It all starts with a choice to intentionally follow.  I use the word “intentionally” because there are lots of things we “follow” but as we follow as are almost on auto-pilot.  For instance, we may choose to stand in line at the grocery store.  And while standing there we can be thinking of a thousand things that don’t involve shopping.  Usually while in line, I’m doing something on the phone.  I am following the line, so to speak, but my mind is elsewhere.  I will be hoping the time passes quickly so I can be on to something else. 

The choice to intentionally follow is NOT like the line at the store.  To intentionally follow means that we are “engaged” in Who we are following and what we are following.  Our hearts, our minds and our bodies are in sync, as we match Godly thoughts to Godly actions.  The choice to follow is also done with patience, a sense of purpose, even deliberateness.  We don’t follow quickly, haphazardly or flippantly.  The choice to follow is intentional and purposeful. 

Good and upright is the Lord; therefore He instructs sinners in the way.  He leads the humble in what is right, and teaches the humble His way.  All the paths of the Lord are steadfast love and faithfulness, for those who keep His covenant and His testimonies.  .For Thy name’s sake, O Lord, pardon my guilt, for it is great.  Who is the man that fears the Lord?  Him will He instruct in the way that he should choose.  He himself shall abide in prosperity and his children shall possess the land.  The friendship of the Lord is for those who fear Him, and He makes known to them His covenant.  My eyes are ever toward the Lord, for He will pluck my feet out of the net.  Turn Thou to me, and be gracious to me; for I am lonely and afflicted.  Relieve the troubles of my heart, and bring me out of my distresses.  Consider my affliction and my trouble, and forgive all my sins. Consider how many are my foes, and with what violent hatred they hate me.  Oh guard my life, and deliver me; let me not be put to shame, for I take refuge in Thee.  May integrity and uprightness preserve me, for I wait for Thee.  Redeem Israel, O God, out of all his troubles.  Psalm 25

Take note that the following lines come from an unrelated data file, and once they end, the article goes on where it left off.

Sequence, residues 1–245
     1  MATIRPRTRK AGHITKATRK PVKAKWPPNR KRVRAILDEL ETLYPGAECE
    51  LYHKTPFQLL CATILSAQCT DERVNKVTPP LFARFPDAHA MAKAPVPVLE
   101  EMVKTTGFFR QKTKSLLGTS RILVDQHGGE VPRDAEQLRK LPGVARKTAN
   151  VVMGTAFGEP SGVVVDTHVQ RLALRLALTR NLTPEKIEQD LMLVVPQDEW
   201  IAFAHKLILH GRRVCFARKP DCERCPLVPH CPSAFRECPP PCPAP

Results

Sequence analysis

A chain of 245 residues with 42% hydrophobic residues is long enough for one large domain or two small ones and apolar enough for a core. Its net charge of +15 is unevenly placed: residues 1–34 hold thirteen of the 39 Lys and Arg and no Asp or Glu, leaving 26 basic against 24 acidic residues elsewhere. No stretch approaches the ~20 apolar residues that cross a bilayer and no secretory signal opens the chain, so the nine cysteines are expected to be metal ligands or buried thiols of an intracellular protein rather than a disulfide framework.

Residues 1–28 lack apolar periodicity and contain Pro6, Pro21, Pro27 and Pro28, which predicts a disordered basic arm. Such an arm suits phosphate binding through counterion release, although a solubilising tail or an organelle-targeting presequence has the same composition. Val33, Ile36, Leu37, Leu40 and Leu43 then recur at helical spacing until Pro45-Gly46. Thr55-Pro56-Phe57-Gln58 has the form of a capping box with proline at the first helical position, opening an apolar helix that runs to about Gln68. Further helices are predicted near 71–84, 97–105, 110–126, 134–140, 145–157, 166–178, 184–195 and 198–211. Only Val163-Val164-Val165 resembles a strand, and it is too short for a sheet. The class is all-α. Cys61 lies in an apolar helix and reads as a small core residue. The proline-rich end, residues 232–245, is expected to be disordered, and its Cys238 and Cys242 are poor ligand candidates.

Make an intentional choice to follow Christ today!


+Fr. Stavros


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With Roger Hunt providing today’s Daily Reading: Listen Now.

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The Revised Standard Version of the Bible is copyrighted 1946, 1952, 1971, and 1973 by the Division of Christian Education of the National Council of the Churches of Christ in the U.S.A. and used by permission. From the Online Chapel of the Greek Orthodox Archdiocese of America.

Photo Credit: Be Still with God



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About author

Fr. Stavros Akrotirianakis

Fr. Stavros N. Akrotirianakis is the Proistamenos of St. John Greek Orthodox Church in Tampa, FL. Fr. contributes the Prayer Team Ministry, a daily reflection, which began in February 2015. The Prayer Team now has its own dedicated website! Fr. Stavros has produced two books, “Let All Creation Rejoice: Reflections on Advent, the Nativity and Epiphany”: “ and “The Road Back to Christ: Reflections on Lent, Holy Week and the Resurrection.”